What is Opportunity Cost & What is its Significance?

Cost of Foregone Opportunities is a Key Factor in Economic Decision Making

What is Opportunity Cost & What is its Significance?
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Economics is all about how decisions related to economic goods are taken in the real world. Opportunity cost is crucial in such decision making, and constitutes the actual cost that is relevant in economics. Being different from financial costs, it can sometimes be a challenge to determine it, especially when policy decisions need to be taken by the state for benefit of its citizens.

The concept of cost is extremely crucial in economics, since the decision to undertake or not to undertake an economic action often depends upon it. These decisions are often a consequence of the interaction of value, price and cost. When the value of a good is more than its cost, procuring or consuming such a good will make an individual better off, so he will go for buying it. Similarly when the price of a good is more than its cost, a supplier will supply it and want to supply more of it.

However, one must be very clear about what we mean by the term ‘cost’ in economics, since it is not always in terms of money. Recalling the differences between economics and finance could be helpful in this regard. In economics, it is opportunity cost that is taken into account instead of the financial costs.

What is Opportunity Cost?

The word ‘opportunity’ refers to an option of getting something or doing something by which one would become better off.

For instance, a worker has an opportunity to work for a day and thereby earn certain money. An individual having some money has an opportunity to buy something with it. However, these opportunities must be real and available and not just theoretical or a matter of presumption. Thus, a worker who is unemployed and is unlikely to get work does not have the opportunity to earn money. Similarly, an individual who has money in a currency that is not accepted by the market does not have an opportunity to buy something.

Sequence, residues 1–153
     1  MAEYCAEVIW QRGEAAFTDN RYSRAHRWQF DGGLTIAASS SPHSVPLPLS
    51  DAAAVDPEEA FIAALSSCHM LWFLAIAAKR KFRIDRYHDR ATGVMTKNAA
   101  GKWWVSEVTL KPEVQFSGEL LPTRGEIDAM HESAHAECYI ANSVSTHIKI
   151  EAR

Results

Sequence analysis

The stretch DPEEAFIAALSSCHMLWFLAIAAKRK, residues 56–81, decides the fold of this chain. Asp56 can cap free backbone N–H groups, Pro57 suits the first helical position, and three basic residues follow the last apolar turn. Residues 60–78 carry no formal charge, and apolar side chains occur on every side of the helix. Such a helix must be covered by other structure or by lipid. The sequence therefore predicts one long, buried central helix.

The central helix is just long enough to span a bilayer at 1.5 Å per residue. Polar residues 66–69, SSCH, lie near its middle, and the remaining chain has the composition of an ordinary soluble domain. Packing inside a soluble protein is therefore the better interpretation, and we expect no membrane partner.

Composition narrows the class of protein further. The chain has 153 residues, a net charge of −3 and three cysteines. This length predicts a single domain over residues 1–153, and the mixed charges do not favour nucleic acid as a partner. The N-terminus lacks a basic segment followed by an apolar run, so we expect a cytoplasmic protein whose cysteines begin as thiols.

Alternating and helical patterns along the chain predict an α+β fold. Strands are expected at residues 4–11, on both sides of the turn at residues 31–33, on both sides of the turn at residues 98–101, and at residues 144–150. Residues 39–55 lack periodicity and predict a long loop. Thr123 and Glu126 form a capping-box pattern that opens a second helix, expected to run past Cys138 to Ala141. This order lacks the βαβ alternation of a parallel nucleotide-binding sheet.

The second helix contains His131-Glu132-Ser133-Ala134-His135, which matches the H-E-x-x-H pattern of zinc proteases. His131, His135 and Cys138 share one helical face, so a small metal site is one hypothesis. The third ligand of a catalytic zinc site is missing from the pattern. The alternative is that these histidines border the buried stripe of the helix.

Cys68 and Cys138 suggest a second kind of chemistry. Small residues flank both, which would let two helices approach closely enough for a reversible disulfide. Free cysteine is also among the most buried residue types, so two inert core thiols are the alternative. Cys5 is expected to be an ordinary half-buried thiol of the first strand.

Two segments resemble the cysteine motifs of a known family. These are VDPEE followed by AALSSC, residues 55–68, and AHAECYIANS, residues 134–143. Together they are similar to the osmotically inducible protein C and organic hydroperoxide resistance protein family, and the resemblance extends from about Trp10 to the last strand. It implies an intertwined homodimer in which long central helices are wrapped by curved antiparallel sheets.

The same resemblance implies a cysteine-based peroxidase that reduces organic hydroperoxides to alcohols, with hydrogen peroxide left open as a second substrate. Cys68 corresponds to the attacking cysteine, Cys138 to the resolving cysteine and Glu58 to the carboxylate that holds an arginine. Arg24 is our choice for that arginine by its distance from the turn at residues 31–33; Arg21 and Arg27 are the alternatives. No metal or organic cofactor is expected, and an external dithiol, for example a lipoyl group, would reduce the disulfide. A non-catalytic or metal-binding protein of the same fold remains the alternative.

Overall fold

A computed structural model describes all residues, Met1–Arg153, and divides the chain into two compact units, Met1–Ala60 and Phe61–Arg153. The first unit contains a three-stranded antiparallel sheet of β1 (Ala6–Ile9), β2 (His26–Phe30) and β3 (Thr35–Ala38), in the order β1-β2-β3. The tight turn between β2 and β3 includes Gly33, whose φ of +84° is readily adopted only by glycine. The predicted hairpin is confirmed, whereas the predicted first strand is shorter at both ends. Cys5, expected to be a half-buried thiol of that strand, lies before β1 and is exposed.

The word cost is used in economics to indicate what one needs to forego to get something else. Thus, an individual wishing to buy something in the market must pay its price, which then becomes the cost of buying that good. However, the cost need not always be in monetary terms. In a barter transaction if one exchanges five apples for a fish, the cost of getting a fish is five apples and the cost of getting five apples is a fish.

The word opportunity cost extends the concept of cost to include that which one had an opportunity to get or enjoy and which one has to forego to get something else. For instance, consider an individual who has a dollar and wants to buy a lock and key, as well as an ice cream, but can buy only one of them, since each costs a dollar. If he buys an ice cream, he must give up the opportunity to buy the lock and key, and on the other hand, if he buys a lock and key, he must forego the opportunity to buy the ice cream. The two items become an opportunity cost for each other.

In the same case, if he did not need the lock and key, then his opportunities are limited to buying an ice cream or retaining the dollar for use sometime later, and the likelihood is that if he values ice cream more than the dollar he will go for it. In this case, the opportunity cost of buying ice cream is only one dollar, whereas in the earlier scenario where he also wanted to buy a lock and key, it could be more if the value of lock and key, which he must forego to buy an ice cream, is more than a dollar for him.

Opportunity cost can be somewhat subjective, depending upon the circumstances of an individual and his needs and preferences.

Opportunity Cost of Investment